The justices found the prosecutor “actually told the jury not to compare the mitigating and aggravating factors. … Telling the jury not to balance the aggravators and the mitigators touched on the central task of the jury in deciding whether to impose life without parole.” Dickson wrote.

Prosecutorial misconduct occurred, the justices concluded, but it did not result in an adjustment of sentence because the sentence was adjusted based on the appropriateness argument.  

Justice Mark Massa dissented. He held that there was evidence for a jury to conclude that Castillo was a principal actor, and that the prosecutorial misconduct did not constitute fundamental error.

“Even taking the majority’s view of culpability, I still believe a sentence of life without parole is not inappropriate on these facts,” Massa wrote.

 

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  1. He TIL team,please zap this comment too since it was merely marking a scammer and not reflecting on the story. Thanks, happy Monday, keep up the fine work.

  2. You just need my social security number sent to your Gmail account to process then loan, right? Beware scammers indeed.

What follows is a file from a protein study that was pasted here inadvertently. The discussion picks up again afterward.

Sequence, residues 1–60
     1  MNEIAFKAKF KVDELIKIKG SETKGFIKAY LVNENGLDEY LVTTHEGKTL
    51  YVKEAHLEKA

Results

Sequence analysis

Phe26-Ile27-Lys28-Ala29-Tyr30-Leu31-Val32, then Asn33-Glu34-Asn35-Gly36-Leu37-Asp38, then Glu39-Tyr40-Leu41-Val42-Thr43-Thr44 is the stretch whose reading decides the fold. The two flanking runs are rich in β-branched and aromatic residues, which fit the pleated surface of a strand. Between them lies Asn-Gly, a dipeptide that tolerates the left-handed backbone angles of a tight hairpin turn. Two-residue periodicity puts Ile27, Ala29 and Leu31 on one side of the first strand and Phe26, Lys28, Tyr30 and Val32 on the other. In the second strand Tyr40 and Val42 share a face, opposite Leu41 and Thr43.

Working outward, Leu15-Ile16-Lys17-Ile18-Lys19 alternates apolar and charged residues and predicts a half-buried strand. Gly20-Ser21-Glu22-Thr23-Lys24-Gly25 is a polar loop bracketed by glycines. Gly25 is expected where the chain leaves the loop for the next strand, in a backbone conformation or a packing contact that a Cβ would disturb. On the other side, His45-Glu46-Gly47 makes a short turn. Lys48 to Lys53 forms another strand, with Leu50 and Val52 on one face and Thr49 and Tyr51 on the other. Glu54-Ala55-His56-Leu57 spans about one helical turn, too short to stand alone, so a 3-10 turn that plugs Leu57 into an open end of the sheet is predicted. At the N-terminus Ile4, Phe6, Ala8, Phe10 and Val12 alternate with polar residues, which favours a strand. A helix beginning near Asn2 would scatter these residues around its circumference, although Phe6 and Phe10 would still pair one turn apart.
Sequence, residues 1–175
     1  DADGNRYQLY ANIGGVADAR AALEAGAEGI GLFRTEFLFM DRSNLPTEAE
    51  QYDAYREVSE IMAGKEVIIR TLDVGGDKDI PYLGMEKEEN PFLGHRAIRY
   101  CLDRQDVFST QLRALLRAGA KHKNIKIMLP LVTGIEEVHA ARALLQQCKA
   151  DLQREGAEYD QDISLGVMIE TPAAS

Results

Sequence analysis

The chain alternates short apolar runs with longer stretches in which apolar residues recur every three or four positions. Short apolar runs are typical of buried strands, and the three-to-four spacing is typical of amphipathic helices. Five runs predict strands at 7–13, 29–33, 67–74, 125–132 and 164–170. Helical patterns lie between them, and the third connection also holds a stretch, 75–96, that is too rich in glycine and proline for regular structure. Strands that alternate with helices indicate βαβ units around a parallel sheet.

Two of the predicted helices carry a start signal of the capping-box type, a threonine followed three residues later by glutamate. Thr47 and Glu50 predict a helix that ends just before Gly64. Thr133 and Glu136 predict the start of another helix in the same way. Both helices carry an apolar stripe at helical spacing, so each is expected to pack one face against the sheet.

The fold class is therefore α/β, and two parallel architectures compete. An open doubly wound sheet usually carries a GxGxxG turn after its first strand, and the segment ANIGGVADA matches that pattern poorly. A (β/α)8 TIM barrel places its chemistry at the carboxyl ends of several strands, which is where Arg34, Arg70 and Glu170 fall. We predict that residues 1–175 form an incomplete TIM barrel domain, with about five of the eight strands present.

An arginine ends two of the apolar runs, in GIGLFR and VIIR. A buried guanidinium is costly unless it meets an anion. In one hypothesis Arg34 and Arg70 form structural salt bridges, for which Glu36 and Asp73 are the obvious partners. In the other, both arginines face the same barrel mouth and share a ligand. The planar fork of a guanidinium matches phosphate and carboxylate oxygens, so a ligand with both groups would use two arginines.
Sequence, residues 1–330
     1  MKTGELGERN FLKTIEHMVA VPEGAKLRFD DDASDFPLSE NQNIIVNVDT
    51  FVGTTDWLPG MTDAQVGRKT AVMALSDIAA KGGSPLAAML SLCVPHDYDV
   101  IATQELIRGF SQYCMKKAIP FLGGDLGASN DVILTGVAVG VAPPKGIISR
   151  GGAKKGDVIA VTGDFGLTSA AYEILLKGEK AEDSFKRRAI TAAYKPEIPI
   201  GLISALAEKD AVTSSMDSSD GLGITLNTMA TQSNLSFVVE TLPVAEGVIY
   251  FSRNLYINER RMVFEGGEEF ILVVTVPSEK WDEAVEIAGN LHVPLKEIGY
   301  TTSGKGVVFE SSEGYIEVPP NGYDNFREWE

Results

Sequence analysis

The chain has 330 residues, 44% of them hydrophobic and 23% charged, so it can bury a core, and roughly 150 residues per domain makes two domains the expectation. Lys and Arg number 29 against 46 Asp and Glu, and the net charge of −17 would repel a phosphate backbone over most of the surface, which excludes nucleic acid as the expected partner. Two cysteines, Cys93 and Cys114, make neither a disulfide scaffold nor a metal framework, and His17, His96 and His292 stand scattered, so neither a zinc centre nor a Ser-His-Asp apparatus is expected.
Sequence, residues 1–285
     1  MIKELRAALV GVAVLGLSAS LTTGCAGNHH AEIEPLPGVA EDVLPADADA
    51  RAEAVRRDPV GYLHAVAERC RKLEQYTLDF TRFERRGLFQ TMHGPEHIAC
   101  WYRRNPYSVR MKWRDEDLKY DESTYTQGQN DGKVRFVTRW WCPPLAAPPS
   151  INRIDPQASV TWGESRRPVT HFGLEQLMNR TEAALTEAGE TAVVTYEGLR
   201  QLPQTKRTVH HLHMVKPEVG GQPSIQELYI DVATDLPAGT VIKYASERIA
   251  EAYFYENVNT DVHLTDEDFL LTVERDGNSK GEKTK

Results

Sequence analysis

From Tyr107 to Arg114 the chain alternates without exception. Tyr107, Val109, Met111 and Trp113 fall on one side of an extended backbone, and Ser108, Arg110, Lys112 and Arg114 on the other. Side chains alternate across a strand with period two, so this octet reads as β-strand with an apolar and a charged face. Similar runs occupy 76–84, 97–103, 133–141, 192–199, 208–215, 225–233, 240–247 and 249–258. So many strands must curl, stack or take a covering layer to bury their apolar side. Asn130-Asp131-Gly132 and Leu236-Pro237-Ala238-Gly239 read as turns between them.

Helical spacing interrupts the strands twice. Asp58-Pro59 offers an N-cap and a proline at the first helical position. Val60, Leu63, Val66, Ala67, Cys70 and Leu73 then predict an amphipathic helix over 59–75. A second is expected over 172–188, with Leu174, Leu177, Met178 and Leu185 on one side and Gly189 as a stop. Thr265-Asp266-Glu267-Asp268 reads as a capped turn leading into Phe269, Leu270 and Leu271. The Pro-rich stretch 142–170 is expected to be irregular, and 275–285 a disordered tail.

3. The appellate court just said doctors can be sued for reporting child abuse. The most dangerous form of child abuse with the highest mortality rate of any form of child abuse (between 6% and 9% according to the below listed studies). Now doctors will be far less likely to report this form of dangerous child abuse in Indiana. If you want to know what this is, google the names Lacey Spears, Julie Conley (and look at what happened when uninformed judges returned that child against medical advice), Hope Ybarra, and Dixie Blanchard. Here is some really good reporting on what this allegation was: http://media.star-telegram.com/Munchausenmoms/ Here are the two research papers: http://www.sciencedirect.com/science/article/pii/0145213487900810 http://www.sciencedirect.com/science/article/pii/S0145213403000309 25% of sibling are dead in that second study. 25%!!! Unbelievable ruling. Chilling. Wrong.